so the two just would not connect.”


The ability for these systems to receive a service or solution and then manage it in a way that gives optimum effect, doesn’t always exist. “If you look at that from a global scale and take into account market archetypes, different standards of available technology, or how data is managed at local levels... There is no silver bullet, so we have to have multiple solutions to a problem and different levels of tech at the same time,” concludes Easton.

Calling back to his own experience, Easton says: “During the early days, we tend to explore lots of options at a technology level, then we narrow down very quickly. We put all our eggs in one basket, and it becomes very hard to say this is not working.” Considering why there is a hesitancy around calling out failure and voicing concern early on, he asks whether this is “because a lot of our projects are associated with or funded by brands and, therefore, there is an expectation of delivery”.


Easton suggests that digital health solution projects are disassociated with brands at the concept stage. “If we do it with a brand in mind, then they are waiting for a solution, so we tend to keep going, rather than being willing to fail fast and learn, and use that as a springboard to version B,” he explains. 


Rapid digital transformation washed over the pharma industry as a means of survival, but as the tide turns back to growth and innovation, how can the industry innovate at the right pace and in the right places? “Sometimes in pharma, we become the people who have a hammer and are looking for nails,” says Cernica.


We must avoid starting from scratch and reinventing the wheel for ourselves, our customers and end users

Keeping the goal in mind, Easton says: “We always talk about our North Star. What is it that we want to achieve? Where is it that we want to go?” In pharma’s case, this destination is value for the patient. “Ultimately, we want to think about what we can bring to this space that could bring joy, rather than just directions and warnings,” urges Miller.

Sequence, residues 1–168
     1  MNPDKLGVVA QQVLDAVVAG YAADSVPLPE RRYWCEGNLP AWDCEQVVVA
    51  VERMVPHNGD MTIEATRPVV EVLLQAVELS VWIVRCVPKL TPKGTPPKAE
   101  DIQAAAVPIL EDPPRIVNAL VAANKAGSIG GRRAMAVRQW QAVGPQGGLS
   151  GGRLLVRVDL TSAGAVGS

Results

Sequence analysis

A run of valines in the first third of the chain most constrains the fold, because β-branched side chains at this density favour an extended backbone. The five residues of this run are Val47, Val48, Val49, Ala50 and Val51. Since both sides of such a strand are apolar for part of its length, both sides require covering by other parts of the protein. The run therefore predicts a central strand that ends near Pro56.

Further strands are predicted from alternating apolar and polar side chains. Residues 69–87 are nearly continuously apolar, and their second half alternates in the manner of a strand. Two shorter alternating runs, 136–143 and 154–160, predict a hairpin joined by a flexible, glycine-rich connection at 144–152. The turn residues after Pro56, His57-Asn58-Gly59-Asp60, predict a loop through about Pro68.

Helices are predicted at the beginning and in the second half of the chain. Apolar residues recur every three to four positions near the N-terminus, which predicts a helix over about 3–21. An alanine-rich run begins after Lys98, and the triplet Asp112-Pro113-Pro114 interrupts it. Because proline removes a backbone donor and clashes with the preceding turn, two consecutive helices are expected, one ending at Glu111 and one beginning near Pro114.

Cernica sees this as a uniting and common goal. “Having this map of value gives everyone a common language with which to start a wider dialogue,” she says. But Easton takes this one step further, branching into new outcome avenues, saying: “If you include concepts like health and happiness and where digital health solutions fit in, and holistic care of the patient, then you start to get into outcome-plus.”


The industry must innovate in a way that provides value for patients and healthcare systems and facilitates high uptake and adoption. “You have to do little and often; do not try to be disruptive at the beginning,” suggests Easton. “Maybe incremental is a nice way to move because it starts to show people the value, gives you an understanding of how to work with ideation through to commercialisation in a manageable way and then helps you to build on it from there,” he concludes.


Rather than diving headfirst into tumultuous waters, pharma must be the captain of its own ship and cautiously scan the waves ahead to ensure innovative technologies can stay afloat and truly provide value for all stakeholders.